The following is an article by Danielle Ameden from the Daily News Staff with Wicked Local Framingham. The article was published on July 22, 2015.
Disturbed to know that prostitution and human trafficking is going on in local "bodywork" shops, the Board of Health on Wednesday plan to set regulations to help police with a crackdown. Framingham Detective Sgt. Tim O'Toole, who oversees the street crimes unit, told the board police know of about 10 bodywork establishments and spas in town.
"Going on inside the walls is prostitution and human trafficking in many of these, if not all of them,” O’Toole said. Asian females, mainly coming from New York, are being “moved in and out” of these businesses, treated like prisoners, he said.
Board member David Moore said he was startled at a past meeting to hear about the problem.
“I’m shocked as well,” said new member Laura Housman, who joined the board for her first meeting Wednesday.
Since so-called "bodywork" shops, unlike massage parlors, are unregulated, O’Toole said police could use the regulations as an enforcement tool.
“It’s difficult for us to infiltrate these establishments,” he said.
Board of Health staff has already drawn up draft regulations based on businesses in Arlington, and Chairman Mike Hugo said the board would hold a public hearing and vote in August.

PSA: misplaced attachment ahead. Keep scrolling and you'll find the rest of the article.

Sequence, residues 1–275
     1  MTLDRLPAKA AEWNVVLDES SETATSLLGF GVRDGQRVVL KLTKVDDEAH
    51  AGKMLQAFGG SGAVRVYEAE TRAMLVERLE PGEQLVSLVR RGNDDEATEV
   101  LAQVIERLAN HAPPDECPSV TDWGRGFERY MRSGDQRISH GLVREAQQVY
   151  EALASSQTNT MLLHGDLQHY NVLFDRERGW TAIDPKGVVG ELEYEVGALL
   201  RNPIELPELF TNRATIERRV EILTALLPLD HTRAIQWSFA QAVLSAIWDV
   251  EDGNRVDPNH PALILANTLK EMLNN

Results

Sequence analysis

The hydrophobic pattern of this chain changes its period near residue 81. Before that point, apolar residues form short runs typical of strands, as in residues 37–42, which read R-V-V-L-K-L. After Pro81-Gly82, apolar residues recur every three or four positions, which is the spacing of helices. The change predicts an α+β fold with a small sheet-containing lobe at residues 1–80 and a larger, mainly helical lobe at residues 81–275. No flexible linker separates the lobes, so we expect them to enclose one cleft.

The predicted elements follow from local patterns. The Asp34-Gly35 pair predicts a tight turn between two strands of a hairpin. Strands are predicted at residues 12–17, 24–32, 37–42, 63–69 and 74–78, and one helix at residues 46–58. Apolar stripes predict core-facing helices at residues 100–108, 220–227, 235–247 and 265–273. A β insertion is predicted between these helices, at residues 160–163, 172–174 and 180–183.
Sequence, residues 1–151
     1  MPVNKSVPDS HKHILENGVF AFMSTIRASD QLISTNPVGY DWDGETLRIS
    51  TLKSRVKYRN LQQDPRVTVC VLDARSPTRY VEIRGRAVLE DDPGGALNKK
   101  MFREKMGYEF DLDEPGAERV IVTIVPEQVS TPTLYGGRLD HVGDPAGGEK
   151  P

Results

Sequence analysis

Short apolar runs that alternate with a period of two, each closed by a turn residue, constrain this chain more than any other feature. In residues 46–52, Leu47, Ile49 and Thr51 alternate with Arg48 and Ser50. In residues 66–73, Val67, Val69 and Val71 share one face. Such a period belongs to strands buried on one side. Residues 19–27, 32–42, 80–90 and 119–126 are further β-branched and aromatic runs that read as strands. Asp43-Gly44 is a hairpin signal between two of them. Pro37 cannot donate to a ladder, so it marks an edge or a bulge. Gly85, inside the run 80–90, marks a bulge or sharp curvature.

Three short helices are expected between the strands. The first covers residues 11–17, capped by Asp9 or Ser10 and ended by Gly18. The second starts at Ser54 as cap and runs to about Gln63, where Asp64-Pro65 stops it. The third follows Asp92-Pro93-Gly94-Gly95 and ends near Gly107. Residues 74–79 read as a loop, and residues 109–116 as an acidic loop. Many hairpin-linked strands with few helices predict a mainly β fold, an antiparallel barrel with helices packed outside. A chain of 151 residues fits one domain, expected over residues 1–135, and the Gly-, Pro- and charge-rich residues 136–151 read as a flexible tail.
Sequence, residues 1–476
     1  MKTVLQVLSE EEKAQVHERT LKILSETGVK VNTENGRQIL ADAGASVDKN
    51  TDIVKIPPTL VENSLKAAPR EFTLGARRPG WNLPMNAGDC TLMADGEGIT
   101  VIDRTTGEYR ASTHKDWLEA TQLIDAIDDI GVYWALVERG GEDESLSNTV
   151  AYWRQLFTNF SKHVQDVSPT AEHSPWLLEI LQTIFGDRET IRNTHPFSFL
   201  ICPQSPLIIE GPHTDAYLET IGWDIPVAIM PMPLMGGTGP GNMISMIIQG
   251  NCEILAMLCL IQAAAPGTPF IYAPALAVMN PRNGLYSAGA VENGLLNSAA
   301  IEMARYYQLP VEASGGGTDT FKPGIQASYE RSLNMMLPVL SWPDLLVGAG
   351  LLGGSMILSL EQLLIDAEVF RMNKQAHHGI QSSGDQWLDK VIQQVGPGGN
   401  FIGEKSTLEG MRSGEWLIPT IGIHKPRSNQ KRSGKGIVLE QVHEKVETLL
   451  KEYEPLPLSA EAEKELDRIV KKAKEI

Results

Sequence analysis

By regulating "bodywork" businesses, the town would require practitioners to obtain permits once a year. Under the draft regulations, workers must fill out an application, submit a photo and pass criminal and sex offender background checks. “I think this criteria should apply to both owners and practitioners,” Moore said. The regulations would prohibit workers from dressing provocatively or the business from having anything exotic or provocative in its advertising, and ban blackout curtains in the waiting room. The businesses could be open only between 9 a.m. and 8 p.m., and must keep records of clients and show proof of liability insurance.
Chief of Community Health Marisa Garofano said the regulations would allow inspectors to make unannounced visits and ask to see the permit of everyone in the business.
O’Toole said he expected a “significant drop” in the number of "bodywork" businesses and problems police are seeing if the town put regulations on the books.
Hugo called the situation "very disturbing."
Hugo and Moore started the meeting by welcoming Housman, who was appointed last month by selectmen to replace Nelson Goldin.
The board voted to have Hugo continue as chairman for another year.
Danielle Ameden can be reached at 508-626-4416 or email@example.com. Follow her on Twitter @damedenMW.